Tuesday November 18, 2014
By: Esther Goldstein, author of the annual Ontario publication the "Comprehensive Guide to Retirement Living &Long-Term Care®" and administrator of the affiliated national website www.senioropolis.com
For a senior looking to downsize or relocate to a residence for seniors, the first step is to determine the type of home you need or want to go to. Because this is not information most people seek out until they need it, the general population lacks an understanding of the various kinds of homes that exist and the differences between them. Terminology can be confusing and the first step in any ‘how to’ guide to finding seniors’ housing should be a simple summary of options.
Independent Seniors Apartments – are usually private rental apartments specifically for seniors. Residents are assumed to be independent though some buildings may have meals for purchase, social programs or sometimes even a doctor with regular hours. Some buildings have rent geared to income. Apartments with a ‘Supportive Housing’ component are basically independent buildings with an added care piece attached so while residents need to be mostly independent, there may be services available/provided by support workers that can assist them in staying in their own home. There may be subsidies available in some buildings depending on ownership and management. There are a limited number of these buildings so often there is a wait to get into them.
Retirement Residences or Communities – are usually privately owned structures with rental units (though lately there have been a few condo-type retirement settings as well), that have available services. Many will offer all meals and housekeeping services, most will also have an option of assistance with personal care (usually for a fee) and staff on site 24/7. Applications are made directly to the desired homes and there is no government subsidy, though there are a few homes owned by non-profit organizations that are less expensive. All homes set their own price and must be licensed and regulated by the Retirement Home Regulatory Authority. While most prefer that people are fairly independent on admission, many allow people to ‘age in place’ provided they are willing to pay for extra care and services should they require them.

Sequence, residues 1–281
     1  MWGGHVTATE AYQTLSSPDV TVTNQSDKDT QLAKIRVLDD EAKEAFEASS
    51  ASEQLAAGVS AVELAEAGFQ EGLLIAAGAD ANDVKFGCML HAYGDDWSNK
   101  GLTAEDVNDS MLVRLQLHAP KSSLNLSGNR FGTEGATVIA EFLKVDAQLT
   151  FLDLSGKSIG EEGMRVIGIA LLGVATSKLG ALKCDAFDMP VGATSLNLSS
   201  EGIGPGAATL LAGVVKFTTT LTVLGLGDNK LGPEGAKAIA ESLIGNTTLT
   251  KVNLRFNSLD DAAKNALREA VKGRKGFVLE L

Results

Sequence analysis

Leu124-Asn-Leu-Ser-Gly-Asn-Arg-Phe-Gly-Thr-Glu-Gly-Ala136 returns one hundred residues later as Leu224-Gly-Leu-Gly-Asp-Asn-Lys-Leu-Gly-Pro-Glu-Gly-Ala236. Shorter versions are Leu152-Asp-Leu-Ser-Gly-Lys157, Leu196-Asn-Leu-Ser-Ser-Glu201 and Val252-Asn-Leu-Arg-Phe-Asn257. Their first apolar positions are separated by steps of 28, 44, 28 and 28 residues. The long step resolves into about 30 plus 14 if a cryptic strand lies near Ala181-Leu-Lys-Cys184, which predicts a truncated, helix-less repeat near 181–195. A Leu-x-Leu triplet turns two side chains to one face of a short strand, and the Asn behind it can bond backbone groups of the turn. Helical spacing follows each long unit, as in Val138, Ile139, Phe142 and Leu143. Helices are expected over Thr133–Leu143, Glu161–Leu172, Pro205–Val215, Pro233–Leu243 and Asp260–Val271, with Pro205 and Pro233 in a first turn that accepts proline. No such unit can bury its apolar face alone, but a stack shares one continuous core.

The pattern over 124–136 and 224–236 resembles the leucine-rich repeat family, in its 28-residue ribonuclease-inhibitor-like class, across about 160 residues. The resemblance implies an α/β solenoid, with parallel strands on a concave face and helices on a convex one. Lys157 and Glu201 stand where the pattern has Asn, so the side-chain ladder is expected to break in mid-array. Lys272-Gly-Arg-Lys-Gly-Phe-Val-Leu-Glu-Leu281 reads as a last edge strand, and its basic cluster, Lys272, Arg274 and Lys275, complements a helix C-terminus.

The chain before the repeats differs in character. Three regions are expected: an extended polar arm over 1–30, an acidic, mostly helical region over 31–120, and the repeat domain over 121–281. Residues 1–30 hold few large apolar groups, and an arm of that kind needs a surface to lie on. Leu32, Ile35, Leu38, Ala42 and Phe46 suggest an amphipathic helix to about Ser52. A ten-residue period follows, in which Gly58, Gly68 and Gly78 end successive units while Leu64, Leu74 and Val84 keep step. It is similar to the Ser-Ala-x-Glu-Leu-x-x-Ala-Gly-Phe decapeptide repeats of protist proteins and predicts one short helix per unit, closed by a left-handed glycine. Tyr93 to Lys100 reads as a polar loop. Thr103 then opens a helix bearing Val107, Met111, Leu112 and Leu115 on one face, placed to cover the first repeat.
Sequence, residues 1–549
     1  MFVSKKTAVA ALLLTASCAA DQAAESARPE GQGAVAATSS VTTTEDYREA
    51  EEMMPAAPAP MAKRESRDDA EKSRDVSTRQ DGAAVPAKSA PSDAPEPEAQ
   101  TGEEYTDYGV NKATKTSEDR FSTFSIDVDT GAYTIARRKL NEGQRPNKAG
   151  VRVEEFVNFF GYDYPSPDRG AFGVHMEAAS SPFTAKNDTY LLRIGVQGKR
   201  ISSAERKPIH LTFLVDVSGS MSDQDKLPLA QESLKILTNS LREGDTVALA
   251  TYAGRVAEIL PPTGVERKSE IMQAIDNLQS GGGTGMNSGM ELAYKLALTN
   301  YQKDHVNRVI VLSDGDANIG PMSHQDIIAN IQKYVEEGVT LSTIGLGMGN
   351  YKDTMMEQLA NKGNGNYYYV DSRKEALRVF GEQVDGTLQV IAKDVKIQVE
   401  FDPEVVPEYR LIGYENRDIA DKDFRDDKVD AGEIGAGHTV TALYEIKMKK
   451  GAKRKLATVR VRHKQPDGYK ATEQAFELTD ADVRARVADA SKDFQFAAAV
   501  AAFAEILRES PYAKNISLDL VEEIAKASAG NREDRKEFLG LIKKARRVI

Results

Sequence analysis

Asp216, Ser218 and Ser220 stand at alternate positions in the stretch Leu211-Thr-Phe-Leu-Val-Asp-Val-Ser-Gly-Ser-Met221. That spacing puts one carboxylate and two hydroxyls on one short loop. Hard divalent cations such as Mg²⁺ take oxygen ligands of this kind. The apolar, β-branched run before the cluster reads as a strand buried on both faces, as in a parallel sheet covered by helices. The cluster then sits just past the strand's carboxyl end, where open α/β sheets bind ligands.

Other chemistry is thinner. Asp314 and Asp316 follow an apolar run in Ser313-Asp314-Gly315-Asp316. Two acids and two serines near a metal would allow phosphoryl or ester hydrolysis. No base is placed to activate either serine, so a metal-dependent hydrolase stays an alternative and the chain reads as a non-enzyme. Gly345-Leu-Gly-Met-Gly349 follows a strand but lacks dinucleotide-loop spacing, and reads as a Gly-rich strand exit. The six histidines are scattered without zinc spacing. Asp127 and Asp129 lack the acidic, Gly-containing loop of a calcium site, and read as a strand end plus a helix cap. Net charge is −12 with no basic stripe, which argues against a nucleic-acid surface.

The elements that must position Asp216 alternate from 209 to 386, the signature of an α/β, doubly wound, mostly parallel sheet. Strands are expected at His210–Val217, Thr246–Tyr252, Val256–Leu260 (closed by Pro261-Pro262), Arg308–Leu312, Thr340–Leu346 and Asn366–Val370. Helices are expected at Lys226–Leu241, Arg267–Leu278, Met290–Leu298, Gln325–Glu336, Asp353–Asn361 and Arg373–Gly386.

Life Lease Units – this is a condominium-style unit where people are independent but the structure is usually attached to a seniors resource where services can be purchased, if needed. The structure is usually built by a non-profit corporation which holds title to the property. The tenant purchases a ‘leasehold interest’ in the unit that costs less than an average condo in the area. The amenities available, purchase price, maintenance fees and costs to purchase services will vary depending on the structure, sponsor, location etc.
Long- Term Care Homes/Nursing Homes – provide 24 hour assistance with activities of daily living (personal care, eating, bathing, medications) for the medically stable person. Generally, most people in Long-Term Care facilities cannot manage in their own homes any longer and require a fully supportive environment. The cost of care is paid for by the Ontario government but each resident is responsible for the cost of ‘room and board’ (called the co-payment), which is set by the government. Application is made through the local CCAC and up to 5 applications can be submitted at once. Homes are licensed, funded and inspected by the government.
Complex Continuing Care Facilities – are hospital-like settings for people that have complex medical needs that cannot be managed in a Long-Term Care home. People are usually admitted directly from an acute care hospital.
Esther Goldstein, B.Sc., B.S.W., RSW is a former acute care hospital social worker, the author of the annual Ontario publication the "Comprehensive Guide to Retirement Living &Long-Term Care®" and administrator of the affiliated national website www.senioropolis.com She is a seasoned lecturer and former educator at U of T School of Continuing Studies, sharing her knowledge with professionals, seniors and their families, by giving workshops and lectures at various venues on 'Senior Living Options' and related topics. Esther can be contacted at firstname.lastname@example.org.
These caregivers are fine people. In addition to obvious competence, they consistently manifest compassion, dedication, patience and affectionate regard for my Aunt. When asked, I do not hesitate to recommend Seniors For Seniors.